Several researchers have made discoveries that support Novogratz's insight. Psychologist David Pizarro, for example, has documented what he calls “bottom-up correction” of a moral belief. It occurs when we have an emotional experience, such as empathy, that causes us to revise our moral principles. Similarly, Daniel Batson and his colleagues have found that people with negative attitudes toward homeless people and other groups revised their beliefs once they felt empathy for a member of the group.
As John Heiser illustrates in the clip below, the decision to bring yourself into closer contact with stakeholders—even those with little formal power or influence—can often mark the beginning of a positive development for your business and for society.
Books and Films
Why do films and books like the one that changed Ray Anderson's life have such power to move us? In his book The Moral Imagination, Notre Dame Business Ethics professor Rev. Oliver Williams, C.S.C., writes that "all experience has a narrative quality," and for that reason, "stories and images have the capacity to widen our vision and open our eyes to what is really important." When stories "ring true" they can "bring us in touch with the fullness of our humanity."
►►► For more on the power of stories, see Stories Make Your Values Stick and Ethics training is broken. Can storytellingtelling fix it?
A Story-Driven Community
Williams also points out that we draw many of the stories we live by from our family and our community. This means we need to reflect on the stories that we've allowed to shape us, and we need to be "actively involved in a moral community" that provides us with a good stock of stories to guide us. Otherwise, on our own, we are likely to fall prey to "the continual tendency to self-deceive."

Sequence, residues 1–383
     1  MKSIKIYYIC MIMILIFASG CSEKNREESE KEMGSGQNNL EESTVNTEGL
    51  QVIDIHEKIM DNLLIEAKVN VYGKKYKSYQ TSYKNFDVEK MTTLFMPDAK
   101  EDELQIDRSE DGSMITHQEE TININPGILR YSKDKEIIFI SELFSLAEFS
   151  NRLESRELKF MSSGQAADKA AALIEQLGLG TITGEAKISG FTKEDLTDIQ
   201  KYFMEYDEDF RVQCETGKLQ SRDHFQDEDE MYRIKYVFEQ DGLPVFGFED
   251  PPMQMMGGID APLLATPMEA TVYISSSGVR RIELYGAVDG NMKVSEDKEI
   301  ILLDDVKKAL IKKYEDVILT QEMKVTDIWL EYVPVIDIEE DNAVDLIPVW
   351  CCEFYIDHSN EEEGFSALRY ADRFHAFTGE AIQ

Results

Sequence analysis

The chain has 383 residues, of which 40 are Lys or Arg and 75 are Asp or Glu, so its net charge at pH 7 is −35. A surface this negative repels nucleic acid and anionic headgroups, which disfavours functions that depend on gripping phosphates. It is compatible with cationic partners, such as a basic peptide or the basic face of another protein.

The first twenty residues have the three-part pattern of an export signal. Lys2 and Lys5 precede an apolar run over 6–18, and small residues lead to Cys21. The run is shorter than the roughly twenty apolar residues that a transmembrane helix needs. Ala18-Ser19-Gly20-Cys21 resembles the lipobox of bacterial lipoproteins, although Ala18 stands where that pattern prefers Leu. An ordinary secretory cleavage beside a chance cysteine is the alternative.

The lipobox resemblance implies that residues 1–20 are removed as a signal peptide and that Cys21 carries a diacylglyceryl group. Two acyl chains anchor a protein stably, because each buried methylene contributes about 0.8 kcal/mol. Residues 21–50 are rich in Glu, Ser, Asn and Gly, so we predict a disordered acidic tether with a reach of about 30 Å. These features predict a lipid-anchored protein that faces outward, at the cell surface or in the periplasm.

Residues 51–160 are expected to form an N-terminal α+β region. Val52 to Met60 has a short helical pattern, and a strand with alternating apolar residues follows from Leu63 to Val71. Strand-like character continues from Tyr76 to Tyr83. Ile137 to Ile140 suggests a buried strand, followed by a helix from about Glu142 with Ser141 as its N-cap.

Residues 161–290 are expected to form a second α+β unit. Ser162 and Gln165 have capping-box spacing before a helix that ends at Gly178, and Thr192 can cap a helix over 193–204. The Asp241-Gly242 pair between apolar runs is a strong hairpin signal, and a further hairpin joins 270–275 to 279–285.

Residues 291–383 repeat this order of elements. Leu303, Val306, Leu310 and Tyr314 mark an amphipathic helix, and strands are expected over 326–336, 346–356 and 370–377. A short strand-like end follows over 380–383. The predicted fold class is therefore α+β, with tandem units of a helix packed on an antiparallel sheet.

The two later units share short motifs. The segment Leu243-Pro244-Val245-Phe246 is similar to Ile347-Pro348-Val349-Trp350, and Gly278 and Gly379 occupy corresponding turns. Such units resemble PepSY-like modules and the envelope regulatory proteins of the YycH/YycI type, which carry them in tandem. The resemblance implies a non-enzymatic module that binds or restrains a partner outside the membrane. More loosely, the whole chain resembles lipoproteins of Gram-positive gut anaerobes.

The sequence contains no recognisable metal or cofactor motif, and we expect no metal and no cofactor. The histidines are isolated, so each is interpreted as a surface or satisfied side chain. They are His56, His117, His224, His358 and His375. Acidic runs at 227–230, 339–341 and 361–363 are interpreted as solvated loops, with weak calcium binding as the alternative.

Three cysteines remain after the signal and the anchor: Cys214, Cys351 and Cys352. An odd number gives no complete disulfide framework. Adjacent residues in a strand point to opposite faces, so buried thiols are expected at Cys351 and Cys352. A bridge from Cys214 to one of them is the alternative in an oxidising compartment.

Reminders of Innocence
In a famous scene from the post-apocalyptic film Children of Men, the sound of a baby crying causes an army to cease firing in the middle of a battle.
The scene may be grand, but an effect similar to the one it dramatizes can appear in everyday life. Francesca Gino (Harvard) and Sreedhari Desai (UNC Chapel Hill) have found that reminders of childhood increase our likelihood of behaving kindly and generously by putting us in touch with our sense of moral purity. This research aligns with other, more recent findings that reminders of our family (including family photos) and staying in touch with our "home-self" can curb unethical behavior at work.
Philosophers and writers have often claimed that there is something in the experience of beauty that causes us to move beyond our own self-interest and focus on helping others. Recently, psychologists have set out to test these claims. Some have observed that study participants do in fact experience a kind of "moral beauty," especially when they witness or hear about selfless or heroic acts. Researchers have also found that the experience causes study participants to strive to be better people and to serve others. So don't miss the opportunity to share good news and inspiring examples when you can.
If we take moral imagination seriously, then we will come to realize that morality is much more than a fixed set of ideas or rules. It involves “the ongoing imaginative exploration of possibilities for dealing with our problems, enhancing the quality of our communal relations, and forming significant personal attachments that grow.” This means that the biggest mistake we can make is giving up on the search for new possibilities and opportunities. As philosopher John Dewey said, "slavery to rigid formulas [is] the death of all high moral responsibility." We should stay vigilant so we do not become too callous or calculating to see the creative moral possibilities that lie before us. And it's never a bad idea to have an "axe" on hand.